Wonderful, I Have My Own Class! Oh, No! What Do I Do? Planning and Setting Up Your First Class
There’s always a bit of euphoria for me at the beginning of the school year in late August—a fresh start, new students, a chance to try out new routines. This truly is the New Year to me, not that thing on January 1.
However, the excitement I feel at the beginning of each new year pales next to what a new teacher feels at getting her first class. All of the classroom management, the curriculum and instruction, the day-to-day lessons and decision making—are hers and hers alone.
This initial excitement might be followed quickly by panic. Oh, no. It is all hers, alone—with an emphasis on alone. Teachers are in fact isolated much of the time—the only adult or professional in a class that may well be isolated from other classes, especially if it’s an ESL class, which traditionally have not been seen as part of the school community. One of my first ESL classes was in an outreach program of an adult school that met in the community room of an apartment building in a Vietnamese neighborhood. So in fact the class was a marginalized program of a larger marginalized program. It is in these situations that ESL teachers often work.
So given these circumstances and the bare room you’ve probably just been given, with a class that starts on Monday and this is Thursday afternoon, what are some ways to begin to set up your room?
HOWTO: Planning and Setting Up Your First Class
You Aren’t Really All Alone. Reach out
Many of us deal with stress by turning inward and pretending everything is fine, all fine. This is a bad time to do that. Most of us have an existing network we can turn to—family, friends, and former classmates, for example—who probably are very willing to help or donate materials for class. My friend, for example, in setting up her bare classroom, turned to her mother, herself a teacher, for a set of encyclopedias and her tech-savvy brother for some old computers.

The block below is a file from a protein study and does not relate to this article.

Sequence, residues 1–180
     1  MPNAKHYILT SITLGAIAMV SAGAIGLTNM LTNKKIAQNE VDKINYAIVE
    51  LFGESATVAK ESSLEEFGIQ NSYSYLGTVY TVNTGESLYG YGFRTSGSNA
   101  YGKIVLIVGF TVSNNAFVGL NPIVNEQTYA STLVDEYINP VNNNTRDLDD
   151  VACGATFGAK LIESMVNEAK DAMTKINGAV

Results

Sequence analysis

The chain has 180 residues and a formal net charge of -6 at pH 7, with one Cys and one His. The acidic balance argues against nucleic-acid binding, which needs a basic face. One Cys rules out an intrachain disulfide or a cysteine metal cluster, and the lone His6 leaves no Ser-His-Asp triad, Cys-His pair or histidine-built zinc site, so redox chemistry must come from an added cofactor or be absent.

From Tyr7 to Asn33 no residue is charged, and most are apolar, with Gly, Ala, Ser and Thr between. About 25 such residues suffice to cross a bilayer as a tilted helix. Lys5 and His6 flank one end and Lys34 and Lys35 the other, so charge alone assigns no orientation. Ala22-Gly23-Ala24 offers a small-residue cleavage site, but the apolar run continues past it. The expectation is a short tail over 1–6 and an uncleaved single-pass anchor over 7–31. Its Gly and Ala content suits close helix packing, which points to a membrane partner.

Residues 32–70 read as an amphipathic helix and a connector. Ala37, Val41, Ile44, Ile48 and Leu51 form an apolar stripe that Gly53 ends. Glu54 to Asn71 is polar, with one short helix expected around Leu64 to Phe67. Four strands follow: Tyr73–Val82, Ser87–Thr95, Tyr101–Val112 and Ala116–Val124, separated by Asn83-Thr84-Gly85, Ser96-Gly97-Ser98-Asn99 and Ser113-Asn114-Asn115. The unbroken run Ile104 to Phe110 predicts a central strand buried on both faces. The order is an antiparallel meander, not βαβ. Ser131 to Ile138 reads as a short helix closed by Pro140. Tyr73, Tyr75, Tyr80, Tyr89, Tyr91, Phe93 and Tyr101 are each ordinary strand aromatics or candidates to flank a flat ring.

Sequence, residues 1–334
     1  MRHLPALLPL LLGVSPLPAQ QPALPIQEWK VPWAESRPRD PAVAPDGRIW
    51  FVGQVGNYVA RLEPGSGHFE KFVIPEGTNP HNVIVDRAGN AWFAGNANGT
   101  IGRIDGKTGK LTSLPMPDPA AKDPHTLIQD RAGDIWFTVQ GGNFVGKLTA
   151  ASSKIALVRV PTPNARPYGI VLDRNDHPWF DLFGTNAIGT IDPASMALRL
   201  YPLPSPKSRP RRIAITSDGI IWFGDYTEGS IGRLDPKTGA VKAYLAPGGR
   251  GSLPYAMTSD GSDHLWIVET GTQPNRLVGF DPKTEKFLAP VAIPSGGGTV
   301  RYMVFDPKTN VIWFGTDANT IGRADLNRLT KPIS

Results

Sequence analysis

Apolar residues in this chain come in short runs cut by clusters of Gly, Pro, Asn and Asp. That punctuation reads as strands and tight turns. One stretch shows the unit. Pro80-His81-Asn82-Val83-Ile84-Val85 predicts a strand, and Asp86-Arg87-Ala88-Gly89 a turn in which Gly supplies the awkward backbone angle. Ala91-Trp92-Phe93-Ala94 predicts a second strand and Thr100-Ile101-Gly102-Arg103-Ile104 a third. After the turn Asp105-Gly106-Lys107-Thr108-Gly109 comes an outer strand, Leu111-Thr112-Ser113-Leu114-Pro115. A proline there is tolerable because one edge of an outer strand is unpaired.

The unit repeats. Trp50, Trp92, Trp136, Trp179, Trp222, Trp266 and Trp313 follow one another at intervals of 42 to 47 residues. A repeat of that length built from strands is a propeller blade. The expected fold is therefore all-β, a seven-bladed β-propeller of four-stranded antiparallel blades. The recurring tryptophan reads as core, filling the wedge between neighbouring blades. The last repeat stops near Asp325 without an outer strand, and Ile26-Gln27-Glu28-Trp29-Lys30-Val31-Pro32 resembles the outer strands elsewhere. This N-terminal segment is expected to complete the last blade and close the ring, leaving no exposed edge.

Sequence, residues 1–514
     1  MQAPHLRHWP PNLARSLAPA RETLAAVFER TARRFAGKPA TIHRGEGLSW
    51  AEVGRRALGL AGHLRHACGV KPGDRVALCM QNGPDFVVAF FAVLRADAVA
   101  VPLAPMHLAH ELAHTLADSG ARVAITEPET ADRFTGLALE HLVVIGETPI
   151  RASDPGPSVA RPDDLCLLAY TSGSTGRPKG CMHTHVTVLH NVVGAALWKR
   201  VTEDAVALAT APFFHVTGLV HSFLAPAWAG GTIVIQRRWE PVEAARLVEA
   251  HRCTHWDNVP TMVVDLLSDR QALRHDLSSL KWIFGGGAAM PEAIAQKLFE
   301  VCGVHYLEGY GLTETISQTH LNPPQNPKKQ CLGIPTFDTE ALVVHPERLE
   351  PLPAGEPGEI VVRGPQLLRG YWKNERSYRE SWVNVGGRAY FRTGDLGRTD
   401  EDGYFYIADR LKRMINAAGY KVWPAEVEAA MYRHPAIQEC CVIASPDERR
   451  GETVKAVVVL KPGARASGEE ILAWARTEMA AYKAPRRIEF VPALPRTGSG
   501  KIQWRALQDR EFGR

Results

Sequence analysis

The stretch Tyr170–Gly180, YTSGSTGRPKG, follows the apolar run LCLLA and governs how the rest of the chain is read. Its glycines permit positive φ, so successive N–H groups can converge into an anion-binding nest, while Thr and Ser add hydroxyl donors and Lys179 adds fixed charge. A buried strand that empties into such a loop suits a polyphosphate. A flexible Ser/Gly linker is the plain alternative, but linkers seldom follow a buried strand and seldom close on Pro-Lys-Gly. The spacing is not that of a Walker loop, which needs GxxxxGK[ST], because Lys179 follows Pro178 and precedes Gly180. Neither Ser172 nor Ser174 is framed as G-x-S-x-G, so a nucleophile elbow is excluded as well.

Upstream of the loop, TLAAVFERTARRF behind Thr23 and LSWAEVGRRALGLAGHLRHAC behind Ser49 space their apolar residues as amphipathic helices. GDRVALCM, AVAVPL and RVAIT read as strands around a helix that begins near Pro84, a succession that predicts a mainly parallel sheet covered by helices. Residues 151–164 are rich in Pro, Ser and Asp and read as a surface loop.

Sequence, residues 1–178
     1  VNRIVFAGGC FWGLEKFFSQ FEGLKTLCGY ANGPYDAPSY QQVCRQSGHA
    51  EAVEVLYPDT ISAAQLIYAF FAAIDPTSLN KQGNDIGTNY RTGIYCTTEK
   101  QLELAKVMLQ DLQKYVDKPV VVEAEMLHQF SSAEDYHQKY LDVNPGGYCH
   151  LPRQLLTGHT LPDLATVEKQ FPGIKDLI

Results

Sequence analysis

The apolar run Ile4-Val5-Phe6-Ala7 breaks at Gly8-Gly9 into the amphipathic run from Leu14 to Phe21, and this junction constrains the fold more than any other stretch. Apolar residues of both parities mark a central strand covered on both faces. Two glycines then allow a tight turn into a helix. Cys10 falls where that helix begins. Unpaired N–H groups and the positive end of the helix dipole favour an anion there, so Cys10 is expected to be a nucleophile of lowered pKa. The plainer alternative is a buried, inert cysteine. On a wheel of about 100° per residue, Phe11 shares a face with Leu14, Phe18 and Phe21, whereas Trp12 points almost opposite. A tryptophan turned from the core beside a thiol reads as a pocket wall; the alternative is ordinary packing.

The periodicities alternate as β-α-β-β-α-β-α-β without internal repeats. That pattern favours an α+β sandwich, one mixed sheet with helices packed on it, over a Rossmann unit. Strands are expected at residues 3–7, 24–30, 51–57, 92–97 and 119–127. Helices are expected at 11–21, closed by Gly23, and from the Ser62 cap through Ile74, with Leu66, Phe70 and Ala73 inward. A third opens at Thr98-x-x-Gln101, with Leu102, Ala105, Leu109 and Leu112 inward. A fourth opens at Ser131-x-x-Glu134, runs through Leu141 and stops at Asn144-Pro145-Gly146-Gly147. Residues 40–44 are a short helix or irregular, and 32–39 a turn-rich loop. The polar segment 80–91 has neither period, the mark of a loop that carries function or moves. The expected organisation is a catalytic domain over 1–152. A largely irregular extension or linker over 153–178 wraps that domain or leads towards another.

Research. Find out About the Student Population
Knowing your students is key to serving them well. So even before the class meets, have a chat with the principal or program leader and find out about the students’ average age, where most students are from, and what their prior education is. With my first class, for example, knowing most of my students were Vietnamese immigrants, young parents, with little prior education told me that we should focus on literacy and vocational English.
Network. Beg, Borrow, Steal
We have a sense that teachers are held in low esteem in our culture, and that may be true, compared to doctors or lawyers, for example. But I continue to be amazed at how people will bend over backwards if I knock on their door and say, “Hi, I’m Stacia, and I’m the teacher for the ESL class that starts on Monday.” I’ve been offered extra chairs, free reign of the copy machine and coffeemaker, extra keys, a boom box…all right, so there probably is a pity factor involved, I suspect, and that’s all right. (That poor woman in there with all those ESL students…) This is mutual to a degree--I certainly feel sorry for anyone who doesn’t teach ESL. In any case, I’ve yet to have anyone turn his back on me over students. People like helping, but usually don’t know how. They are more than willing to help, usually, if asked directly: “My class starts on Monday, and I believe there will be fifty students, but we have only twenty chairs. Any ideas about what we can do?”